The researchers at the U.S. Department of Energy's Lawrence Livermore National Laboratory said the technology -- the Lawrence Livermore Microbial Detection Array -- will be of value in detecting bioterrorism attacks, diagnosing diseases and checking product safety.
"The (array) allows us to not only identify the biological pathogens on a priority screening list, but also any other already-sequenced bacteria or virus in a sample that you might not have been expecting to find, including possible novel or emerging pathogens," said Tom Slezak, the laboratory's associate program leader for informatics.
Officials said current plans call for the detection array to be evaluated for operational bioforensic use at the National Biodefense Analysis and Countermeasures Center in Maryland.
In April, an earlier version of the technology unexpectedly detected the presence of an apparently benign pig virus in a vaccine.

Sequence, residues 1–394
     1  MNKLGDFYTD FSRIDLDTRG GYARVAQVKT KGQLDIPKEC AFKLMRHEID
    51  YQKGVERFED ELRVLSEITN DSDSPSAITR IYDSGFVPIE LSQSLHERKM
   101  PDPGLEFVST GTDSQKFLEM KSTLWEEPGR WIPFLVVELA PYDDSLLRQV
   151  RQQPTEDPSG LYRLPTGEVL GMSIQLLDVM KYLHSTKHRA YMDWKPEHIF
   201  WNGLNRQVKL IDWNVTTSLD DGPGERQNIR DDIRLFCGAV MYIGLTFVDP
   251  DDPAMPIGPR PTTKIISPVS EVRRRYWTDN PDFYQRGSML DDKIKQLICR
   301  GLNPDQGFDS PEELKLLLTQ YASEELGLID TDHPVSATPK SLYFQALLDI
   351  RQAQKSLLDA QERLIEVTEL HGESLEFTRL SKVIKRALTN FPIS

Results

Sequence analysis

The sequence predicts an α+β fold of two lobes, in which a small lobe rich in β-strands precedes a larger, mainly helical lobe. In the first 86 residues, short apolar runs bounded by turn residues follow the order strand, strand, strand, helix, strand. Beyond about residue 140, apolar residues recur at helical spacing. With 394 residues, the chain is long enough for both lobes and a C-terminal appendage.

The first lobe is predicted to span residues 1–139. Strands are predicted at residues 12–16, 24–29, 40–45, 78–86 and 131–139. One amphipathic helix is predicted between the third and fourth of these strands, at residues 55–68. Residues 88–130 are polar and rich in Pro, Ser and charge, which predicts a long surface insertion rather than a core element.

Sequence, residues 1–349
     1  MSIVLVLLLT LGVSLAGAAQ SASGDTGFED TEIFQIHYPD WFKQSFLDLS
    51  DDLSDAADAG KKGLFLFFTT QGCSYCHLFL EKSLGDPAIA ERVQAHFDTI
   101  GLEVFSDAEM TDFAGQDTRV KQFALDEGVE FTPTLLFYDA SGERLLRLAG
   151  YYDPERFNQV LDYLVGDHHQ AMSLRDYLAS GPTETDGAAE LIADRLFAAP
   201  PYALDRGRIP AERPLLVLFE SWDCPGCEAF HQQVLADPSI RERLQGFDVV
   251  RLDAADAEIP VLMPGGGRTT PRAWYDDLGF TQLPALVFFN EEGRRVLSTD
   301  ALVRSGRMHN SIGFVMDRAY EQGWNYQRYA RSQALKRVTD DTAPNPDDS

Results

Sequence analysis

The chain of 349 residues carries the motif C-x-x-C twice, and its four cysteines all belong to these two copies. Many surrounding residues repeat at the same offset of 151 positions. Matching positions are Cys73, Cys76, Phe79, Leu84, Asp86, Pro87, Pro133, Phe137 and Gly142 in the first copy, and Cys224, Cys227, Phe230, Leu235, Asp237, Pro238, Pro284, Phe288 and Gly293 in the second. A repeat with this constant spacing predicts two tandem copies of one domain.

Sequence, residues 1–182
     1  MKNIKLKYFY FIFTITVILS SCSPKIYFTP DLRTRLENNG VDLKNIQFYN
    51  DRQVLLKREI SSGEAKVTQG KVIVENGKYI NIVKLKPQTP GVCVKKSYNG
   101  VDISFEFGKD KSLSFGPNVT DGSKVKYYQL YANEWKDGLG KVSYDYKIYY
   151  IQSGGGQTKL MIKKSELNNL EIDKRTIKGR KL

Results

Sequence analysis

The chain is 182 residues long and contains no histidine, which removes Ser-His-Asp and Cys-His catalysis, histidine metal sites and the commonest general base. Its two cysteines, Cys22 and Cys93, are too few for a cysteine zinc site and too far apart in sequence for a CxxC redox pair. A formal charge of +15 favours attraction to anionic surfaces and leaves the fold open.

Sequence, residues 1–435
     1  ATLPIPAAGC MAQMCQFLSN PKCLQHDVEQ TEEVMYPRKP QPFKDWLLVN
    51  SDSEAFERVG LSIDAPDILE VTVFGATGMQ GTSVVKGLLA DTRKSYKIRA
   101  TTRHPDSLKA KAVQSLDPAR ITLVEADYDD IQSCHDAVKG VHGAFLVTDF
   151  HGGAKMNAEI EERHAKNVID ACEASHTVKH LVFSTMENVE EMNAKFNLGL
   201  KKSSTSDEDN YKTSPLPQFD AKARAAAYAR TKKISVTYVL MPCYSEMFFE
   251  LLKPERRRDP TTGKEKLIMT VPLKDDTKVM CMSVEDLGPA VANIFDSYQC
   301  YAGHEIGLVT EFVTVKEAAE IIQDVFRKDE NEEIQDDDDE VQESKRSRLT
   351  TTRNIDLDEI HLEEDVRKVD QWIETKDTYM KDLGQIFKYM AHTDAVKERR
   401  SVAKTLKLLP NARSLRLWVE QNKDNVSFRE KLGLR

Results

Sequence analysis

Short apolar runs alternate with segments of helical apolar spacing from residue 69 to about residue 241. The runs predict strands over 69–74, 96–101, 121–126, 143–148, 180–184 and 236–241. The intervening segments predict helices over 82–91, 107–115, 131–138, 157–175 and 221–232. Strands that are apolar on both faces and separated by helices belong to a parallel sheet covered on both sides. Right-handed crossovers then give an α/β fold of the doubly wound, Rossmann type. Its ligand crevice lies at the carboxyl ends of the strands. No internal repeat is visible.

Researchers said they are now testing a next-generation array that boasts 2.1 million probes, representing about 178,000 viral sequences and about 785,000 bacterial sequences, as well as fungi and protozoa.
The research includes scientists from the University of California-San Francisco; the Blood Systems Research Institute; the University of Texas Medical Branch, the Dutch National Institute for Public Health and the Environment, Denmark's Statens Serum Institute, the University of California-Davis; Imigene; the U.S. Food & Drug Administration and the Marine Mammal Center.
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